I am white. Extraordinarily white - scary white - blindingly white - alien white - glow in the dark white - my family uses my legs to find me on dark nights white. This happens occasionally when Scots, Irish and Welsh genes mix. If I’m out in the sun 12 hours every day for a month, my freckles sometimes connect and make me look like I’m sort of tan, but not. Now you understand why I’m somewhat interested in a good sunscreen.
Below is a compilation of the latest research and tips I’ve picked up over the years on how to keep those burning rays away.
There are so many sunscreens available nowadays that it gets a bit confusing, trying to decide which one is best.
These tips may help:
-The SPF, or sunburn protection factor, measures protection against ultraviolet radiation B, UVB, which causes burning. Once you go over an SPF of 30, the increase in sun protection is incremental. For example, an SPF of 30 filters about 97% of UVB rays, where SPF 50 filters about 98%. But the SPF level doesn't measure protection against ultraviolet radiation A, UVA, which causes aging of the skin, says the American Cancer Society. Both types of UV rays cause cancer. Experts say consumers should look for sunscreens that protect against both UVA and UVB rays, they should say "broad spectrum" or “full spectrum” protection on the bottle.
Coppertone UltraGuard Sunscreen Lotion SPF 90+ covers UVA/UVB, and has non-greasy moisturizers and Vitamin E. $10; drugstore.com
- The SPF testing system may not accurately measure anything above SPF 50, according to the Food and Drug Administration. The Skin Cancer Foundation, which promotes sun protection, says that in most cases, "SPFs beyond 50 are unnecessary."
- The American Academy of Dermatology recommends both adults and children use a sunscreen with an SPF of at least 30.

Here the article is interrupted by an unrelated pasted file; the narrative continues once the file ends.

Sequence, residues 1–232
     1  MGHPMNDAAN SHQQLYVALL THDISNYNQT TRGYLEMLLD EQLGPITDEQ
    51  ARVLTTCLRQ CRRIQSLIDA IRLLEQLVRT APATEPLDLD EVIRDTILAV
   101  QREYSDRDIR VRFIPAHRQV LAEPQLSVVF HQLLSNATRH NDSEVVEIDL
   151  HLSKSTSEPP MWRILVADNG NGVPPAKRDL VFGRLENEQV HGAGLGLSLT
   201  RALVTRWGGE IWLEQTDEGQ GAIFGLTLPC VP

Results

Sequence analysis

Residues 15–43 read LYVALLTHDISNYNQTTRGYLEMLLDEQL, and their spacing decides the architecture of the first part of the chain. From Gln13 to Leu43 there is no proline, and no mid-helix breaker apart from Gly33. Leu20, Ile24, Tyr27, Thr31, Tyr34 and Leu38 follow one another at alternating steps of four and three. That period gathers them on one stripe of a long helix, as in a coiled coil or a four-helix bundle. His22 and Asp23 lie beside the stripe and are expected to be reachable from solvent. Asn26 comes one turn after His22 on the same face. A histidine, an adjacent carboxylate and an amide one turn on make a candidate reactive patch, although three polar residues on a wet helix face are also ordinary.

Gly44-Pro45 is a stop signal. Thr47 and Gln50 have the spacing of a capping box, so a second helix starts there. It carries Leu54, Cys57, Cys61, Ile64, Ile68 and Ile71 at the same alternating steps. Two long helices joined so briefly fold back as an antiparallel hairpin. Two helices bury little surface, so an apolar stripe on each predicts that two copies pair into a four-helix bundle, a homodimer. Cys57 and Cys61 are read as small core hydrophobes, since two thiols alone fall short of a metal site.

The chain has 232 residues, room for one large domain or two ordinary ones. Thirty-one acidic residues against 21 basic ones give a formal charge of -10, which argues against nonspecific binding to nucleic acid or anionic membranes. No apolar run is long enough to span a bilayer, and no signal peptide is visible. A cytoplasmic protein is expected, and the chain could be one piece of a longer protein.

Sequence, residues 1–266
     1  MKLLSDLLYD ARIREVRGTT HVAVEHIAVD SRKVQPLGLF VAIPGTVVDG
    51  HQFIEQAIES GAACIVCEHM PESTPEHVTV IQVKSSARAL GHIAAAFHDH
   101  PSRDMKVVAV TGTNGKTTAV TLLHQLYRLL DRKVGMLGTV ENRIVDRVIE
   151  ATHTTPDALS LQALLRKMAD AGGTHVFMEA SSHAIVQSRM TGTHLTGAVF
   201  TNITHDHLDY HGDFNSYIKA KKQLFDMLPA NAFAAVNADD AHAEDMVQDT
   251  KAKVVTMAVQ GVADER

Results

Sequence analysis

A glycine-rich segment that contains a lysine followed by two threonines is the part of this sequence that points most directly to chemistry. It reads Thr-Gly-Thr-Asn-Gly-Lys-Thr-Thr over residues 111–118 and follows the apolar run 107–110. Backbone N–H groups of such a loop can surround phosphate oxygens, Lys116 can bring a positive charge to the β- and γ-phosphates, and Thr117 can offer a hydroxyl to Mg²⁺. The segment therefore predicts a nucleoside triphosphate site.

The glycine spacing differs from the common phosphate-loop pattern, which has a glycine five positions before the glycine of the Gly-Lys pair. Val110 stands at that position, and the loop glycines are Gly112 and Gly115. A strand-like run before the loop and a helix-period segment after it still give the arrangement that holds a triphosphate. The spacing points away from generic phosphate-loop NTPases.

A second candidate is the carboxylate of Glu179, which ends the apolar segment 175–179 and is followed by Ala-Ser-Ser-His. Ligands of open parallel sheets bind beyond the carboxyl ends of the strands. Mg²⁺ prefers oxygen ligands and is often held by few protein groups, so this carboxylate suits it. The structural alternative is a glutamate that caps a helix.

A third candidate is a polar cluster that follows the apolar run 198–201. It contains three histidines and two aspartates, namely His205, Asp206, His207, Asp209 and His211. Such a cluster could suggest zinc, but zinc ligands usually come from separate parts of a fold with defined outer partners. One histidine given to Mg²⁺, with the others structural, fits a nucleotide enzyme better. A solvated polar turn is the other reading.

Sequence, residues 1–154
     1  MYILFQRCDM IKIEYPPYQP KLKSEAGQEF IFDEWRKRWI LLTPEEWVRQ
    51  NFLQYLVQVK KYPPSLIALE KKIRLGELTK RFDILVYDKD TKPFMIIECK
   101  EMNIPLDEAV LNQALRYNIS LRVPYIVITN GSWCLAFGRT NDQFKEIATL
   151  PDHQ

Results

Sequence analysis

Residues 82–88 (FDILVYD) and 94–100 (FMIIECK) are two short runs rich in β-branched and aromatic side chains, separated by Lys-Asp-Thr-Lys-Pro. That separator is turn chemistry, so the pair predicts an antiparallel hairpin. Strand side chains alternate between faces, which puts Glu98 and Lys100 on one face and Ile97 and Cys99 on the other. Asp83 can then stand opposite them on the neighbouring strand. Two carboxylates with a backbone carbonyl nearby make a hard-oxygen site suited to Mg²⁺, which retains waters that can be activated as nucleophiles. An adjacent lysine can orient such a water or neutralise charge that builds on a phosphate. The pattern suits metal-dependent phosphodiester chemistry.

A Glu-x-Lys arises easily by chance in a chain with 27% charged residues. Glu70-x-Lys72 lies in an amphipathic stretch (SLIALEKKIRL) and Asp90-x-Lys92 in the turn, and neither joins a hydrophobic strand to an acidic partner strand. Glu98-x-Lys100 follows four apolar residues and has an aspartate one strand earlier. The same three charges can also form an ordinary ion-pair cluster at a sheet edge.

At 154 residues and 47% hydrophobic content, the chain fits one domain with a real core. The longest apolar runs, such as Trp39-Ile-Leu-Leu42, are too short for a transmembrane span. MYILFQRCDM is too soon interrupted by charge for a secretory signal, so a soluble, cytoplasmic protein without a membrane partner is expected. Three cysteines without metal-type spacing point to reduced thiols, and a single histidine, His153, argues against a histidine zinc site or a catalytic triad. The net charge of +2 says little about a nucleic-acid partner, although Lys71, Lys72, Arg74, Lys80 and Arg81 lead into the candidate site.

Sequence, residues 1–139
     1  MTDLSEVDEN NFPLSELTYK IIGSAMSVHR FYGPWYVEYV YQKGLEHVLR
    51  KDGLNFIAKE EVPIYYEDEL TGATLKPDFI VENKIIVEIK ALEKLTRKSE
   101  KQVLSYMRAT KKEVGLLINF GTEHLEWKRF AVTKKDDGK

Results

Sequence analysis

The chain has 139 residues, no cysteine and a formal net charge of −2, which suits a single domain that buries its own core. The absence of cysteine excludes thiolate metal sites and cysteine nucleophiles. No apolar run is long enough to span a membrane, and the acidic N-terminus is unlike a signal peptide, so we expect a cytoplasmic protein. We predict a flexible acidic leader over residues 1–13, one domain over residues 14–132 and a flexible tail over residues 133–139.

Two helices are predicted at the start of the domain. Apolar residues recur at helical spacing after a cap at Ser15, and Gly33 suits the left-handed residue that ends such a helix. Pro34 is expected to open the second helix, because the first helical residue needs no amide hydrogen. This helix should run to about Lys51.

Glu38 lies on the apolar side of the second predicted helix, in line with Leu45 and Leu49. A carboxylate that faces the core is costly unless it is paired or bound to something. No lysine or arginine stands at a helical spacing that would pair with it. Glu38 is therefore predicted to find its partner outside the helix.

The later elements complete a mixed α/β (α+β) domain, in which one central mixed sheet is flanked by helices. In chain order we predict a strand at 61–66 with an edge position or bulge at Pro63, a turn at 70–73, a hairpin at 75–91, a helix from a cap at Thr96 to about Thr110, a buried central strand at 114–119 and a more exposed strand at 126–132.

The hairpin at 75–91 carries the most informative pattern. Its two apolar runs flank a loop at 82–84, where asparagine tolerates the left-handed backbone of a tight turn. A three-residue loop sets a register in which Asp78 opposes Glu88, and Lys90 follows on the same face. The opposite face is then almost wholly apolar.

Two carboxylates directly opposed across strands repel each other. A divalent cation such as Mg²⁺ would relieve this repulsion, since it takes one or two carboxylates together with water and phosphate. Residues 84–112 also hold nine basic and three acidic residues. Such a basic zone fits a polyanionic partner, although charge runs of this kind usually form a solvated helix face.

- Babies under 6 months shouldn't get any direct sunlight, according to the American Academy of Pediatrics.
- It may be even more important to use enough sunscreen. Most people get much less sunburn protection than the product is marked simply because they don't use enough. The average person needs about 1 ounce of sunscreen — enough to fill a shot glass — to cover the body.
- Don't be fooled by the product stating it's waterproof. You MUST reapply after water exposure or sweating or every 2 hours while outdoors.
- Did you know you can actually get a sunburn through fabric? Oh yes, you too can be a red mess even after wearing a wet, clinging, dripping, really attractive t-shirt on the beach all day.
I’d post a picture but you really don’t want that stuck in your head.
- Wear light colored long sleeves, long pants, a hat with a brim of at least 4” all the way around and sun glasses. Sunscreens can rub off or wash away over time. Most cloth has a SPF of 4 (when wet 0), but clothing labeled UPF 50, or ultraviolet protection factor 50, offers long-lasting protection against UVA and UVB rays.
- Rather than search for and buy special clothing (hard to find and can be expensive) you can have the convenience of washing some SPF 30 protection right into your own clothes. There’s a product called Sun Guard Laundry Treatment UV Protectant. You simply add a single packet of it into your washer along with your regular laundry detergent and the clothing is coated with the SPF 30 that will last through 20 additional washings!
- You still need sunscreen and/or protective clothing but seek shade whenever you can under umbrellas or shade trees. Remember, shade protects people only from direct sunlight, not the ultraviolet rays reflected up from the sand or pavement.
- Sunscreens can be an issue in sensitive ecosystems, such as coral reefs. A portion of sales from eco-friendly Reef Safe sunscreens goes to the Ocean Futures Society.
Reef Safe Sunblocks and Sprayables are biodegradeable and nontoxic to sea life. $6-$10; reefsafesuncare.com
- If you have sensitive skin, the minerals titanium dioxide and zinc oxide are often less irritating than other blocking ingredients. Also pick a sunscreen without potential irritants like fragrances or oils.
Neutrogena Healthy Defense Daily Moisturizer SPF 50 Sensitive Skin is fragrance-free, with 100 percent naturally derived ingredients. $14; neutrogena.com and is one good choice.
- For more choices check out http://www.dermadoctor.com/dermawizard.asp, which can help you find the best product for you if you have sensitive skin, allergies, or are taking medications that might make you so.
I wish you a safe, healthy, golden glow and may you not look or feel like a large, overdone lobster when you come home from the beach
(something else I have vast experience with).
I researched most of the information in this blog post from the web sites and articles below: